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I'm trying to get two different apps to communicate through a file. I would like app 1 to append some text to a file, and app 2 to notice, and read the new bytes (not the whole file).

There is an event, ProgressEvent.PROGRESS, that is supposed to fire when new data is available on a FileStream, but it only fires when I first open the file.

Basically, I would like to leave the FileStream open, listening like a socket on the end of that file for changes. Is it possible? Any performance considerations?

Thanks1

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3 Answers

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You can use the FileMonitor class that is part of Adobe's 'as3corelib' package to monitor files.

http://code.google.com/p/as3corelib/

It comes with FileMonitorEvent.CHANGE, MOVE and CREATE events.

Presentation and example here :

http://www.mikechambers.com/blog/2009/03/11/monitoring-file-changes-in-adobe-air/

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Yeah, I was hoping to avoid using a timer. That's disappointing. I'll mark this answer as correct unless someone comes up with something better. –  Sean Clark Hess Nov 19 '09 at 16:21
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I understand that you probably want the socket-like 'interface' for reading/writing files between two apps, but you may be able to accomplish the same thing with a local SharedObject and a 'manager' class that uses the localConnection class to do certain things to that sharedObject/file. Random thought....

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Good idea, but it would be the same as a flat file unless an opened local shared object fires an event when someone else writes to it. –  Sean Clark Hess Dec 14 '09 at 3:20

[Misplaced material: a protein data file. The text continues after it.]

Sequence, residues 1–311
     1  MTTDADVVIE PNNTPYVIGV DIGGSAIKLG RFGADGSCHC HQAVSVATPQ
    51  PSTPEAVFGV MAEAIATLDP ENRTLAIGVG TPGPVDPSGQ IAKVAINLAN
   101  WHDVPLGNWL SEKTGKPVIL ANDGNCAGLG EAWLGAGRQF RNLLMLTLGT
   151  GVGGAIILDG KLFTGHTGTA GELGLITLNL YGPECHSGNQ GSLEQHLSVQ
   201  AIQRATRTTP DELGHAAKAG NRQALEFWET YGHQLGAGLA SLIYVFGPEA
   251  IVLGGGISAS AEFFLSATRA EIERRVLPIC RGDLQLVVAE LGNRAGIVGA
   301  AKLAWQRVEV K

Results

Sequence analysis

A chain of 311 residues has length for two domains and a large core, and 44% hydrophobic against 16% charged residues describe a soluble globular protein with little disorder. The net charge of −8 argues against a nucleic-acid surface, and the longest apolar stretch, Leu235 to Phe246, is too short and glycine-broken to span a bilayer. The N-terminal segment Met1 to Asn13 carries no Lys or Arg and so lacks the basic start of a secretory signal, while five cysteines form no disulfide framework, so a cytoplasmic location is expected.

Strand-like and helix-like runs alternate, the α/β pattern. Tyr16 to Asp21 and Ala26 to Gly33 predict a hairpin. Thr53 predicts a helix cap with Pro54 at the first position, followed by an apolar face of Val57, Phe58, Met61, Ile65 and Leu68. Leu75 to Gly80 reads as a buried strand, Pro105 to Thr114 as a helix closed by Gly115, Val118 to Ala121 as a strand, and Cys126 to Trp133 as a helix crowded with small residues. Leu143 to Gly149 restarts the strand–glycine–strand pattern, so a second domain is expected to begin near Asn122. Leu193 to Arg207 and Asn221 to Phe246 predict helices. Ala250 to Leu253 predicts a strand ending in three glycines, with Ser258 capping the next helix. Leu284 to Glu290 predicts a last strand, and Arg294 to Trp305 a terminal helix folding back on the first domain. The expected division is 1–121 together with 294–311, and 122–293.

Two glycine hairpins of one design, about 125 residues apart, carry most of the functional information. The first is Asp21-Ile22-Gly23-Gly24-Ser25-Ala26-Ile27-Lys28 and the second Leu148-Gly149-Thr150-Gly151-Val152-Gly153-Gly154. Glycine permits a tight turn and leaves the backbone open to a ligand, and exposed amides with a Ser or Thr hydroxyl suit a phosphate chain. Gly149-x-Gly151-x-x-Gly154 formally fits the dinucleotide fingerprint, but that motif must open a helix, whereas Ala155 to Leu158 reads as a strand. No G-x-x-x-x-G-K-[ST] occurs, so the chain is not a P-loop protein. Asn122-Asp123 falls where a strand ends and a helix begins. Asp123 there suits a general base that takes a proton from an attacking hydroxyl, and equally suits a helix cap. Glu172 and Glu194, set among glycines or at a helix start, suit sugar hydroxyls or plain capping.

True. I was under the impression that this was more of a 1:1 "app relationship." I too would try to avoid the timer, simply for memory annoyances... so IF you have a "many:many apps relationship," you could play the messaging server game and subscribe to a messaging feed. However, if you do have a 1:1 app relationship, the ONLY purpose of the localConnection would be to have the manager class you create do the 'event firing' that you spoke of. But, like I said, only a good option if the scenerio of app1 and app2 exist only as you originally described. Good luck either way. –  jeremym Dec 14 '09 at 16:12
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I'd say keep a record of the filesize, check it periodically with a Timer, and then seek to the end of the old file when it gets bigger. With AIR 2.0 it should be easy, if you embed something akin to "tail -f".

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Exactly, I thought that it would be built-in. It's not like watching a file for changes is rocket science. I found FileStream's progress event, but it doesn't seem to work. Thanks for your answer. –  Sean Clark Hess Nov 19 '09 at 16:21
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